The number of unaccompanied children seeking asylum in Britain has risen by almost 50%, official data shows.
There were a total of 1,986 asylum applications from migrants aged under 18 in the year ending in March.
This was an increase of 46% compared with the previous year's tally of 1,356, and the claims represented 8% of all asylum applications over the period.
The statistics were published along with the Government's most recent immigration figures in May.
Scrutiny of the issue of children and teenagers arriving in the UK has intensified in recent days as the Government struggles to get to grips with the Calais crisis.
It emerged last week that the number of young migrants in Kent County Council's care has risen sharply in the last three months, leaving it with a £5.5 million funding gap in care costs.
The local authority was supporting around 220 unaccompanied asylum-seeking children under the age of 18 in March last year, which rose to 368 in March this year. The figure stood at 629 on Friday.
County council leader Paul Carter said last week that the "massive logistical exercise" of supporting those aged under 18 who make it to the UK is putting an "enormous strain" on children's social services.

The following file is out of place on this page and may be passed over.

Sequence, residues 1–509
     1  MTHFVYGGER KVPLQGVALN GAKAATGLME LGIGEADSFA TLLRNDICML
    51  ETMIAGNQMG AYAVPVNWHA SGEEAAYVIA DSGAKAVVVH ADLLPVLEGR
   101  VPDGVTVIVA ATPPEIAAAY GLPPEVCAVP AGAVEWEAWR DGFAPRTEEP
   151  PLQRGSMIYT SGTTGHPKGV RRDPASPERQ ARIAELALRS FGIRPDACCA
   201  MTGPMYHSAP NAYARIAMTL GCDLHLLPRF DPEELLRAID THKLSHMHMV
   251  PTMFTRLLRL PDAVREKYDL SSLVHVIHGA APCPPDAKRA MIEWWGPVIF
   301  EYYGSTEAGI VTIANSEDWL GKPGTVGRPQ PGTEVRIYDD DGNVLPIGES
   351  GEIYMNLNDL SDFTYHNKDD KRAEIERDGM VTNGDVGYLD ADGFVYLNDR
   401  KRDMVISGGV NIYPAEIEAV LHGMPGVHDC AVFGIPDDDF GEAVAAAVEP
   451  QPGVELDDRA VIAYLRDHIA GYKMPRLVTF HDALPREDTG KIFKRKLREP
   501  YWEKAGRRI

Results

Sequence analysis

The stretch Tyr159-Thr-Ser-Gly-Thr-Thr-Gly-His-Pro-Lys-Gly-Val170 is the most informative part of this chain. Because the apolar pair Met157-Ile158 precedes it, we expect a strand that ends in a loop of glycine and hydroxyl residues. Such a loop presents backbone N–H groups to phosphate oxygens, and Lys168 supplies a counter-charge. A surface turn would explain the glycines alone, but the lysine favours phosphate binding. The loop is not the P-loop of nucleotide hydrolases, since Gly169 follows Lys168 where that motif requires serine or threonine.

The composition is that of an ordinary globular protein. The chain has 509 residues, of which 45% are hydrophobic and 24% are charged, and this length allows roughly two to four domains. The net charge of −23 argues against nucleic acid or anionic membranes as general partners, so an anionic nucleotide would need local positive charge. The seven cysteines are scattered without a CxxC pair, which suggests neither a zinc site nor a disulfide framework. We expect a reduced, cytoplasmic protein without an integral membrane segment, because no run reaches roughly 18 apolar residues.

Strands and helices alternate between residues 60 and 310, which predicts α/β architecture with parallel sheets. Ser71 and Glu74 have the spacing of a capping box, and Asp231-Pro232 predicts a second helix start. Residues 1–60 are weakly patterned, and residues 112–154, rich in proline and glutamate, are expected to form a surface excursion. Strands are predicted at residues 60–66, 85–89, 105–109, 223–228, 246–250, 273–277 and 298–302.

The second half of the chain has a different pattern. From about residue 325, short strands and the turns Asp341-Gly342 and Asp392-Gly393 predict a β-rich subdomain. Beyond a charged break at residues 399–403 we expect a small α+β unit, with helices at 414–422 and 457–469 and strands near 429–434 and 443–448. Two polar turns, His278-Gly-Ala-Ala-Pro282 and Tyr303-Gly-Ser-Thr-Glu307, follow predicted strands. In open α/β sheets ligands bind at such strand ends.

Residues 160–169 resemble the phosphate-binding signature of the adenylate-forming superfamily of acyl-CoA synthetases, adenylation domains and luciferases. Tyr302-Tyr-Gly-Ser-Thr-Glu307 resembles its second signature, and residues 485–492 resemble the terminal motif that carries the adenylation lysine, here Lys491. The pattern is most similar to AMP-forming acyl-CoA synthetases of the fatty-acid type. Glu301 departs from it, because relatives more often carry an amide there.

It was also disclosed today that some teenage migrants who have fled across the Channel to Britain are being driven by private taxi to temporary accommodation outside of Kent at a cost of up to £150.
A Press Association analysis of data on applications from unaccompanied asylum-seeking children (UASC) also found that:
- The rise of 46% in the year to March 2015 was the biggest like-for-like increase for at least eight years.
- In the first three months of this year, 35 UASC applications came from children aged under 14.
- A total of 70 claims were made by girls - the highest quarterly figure since the end of 2010.
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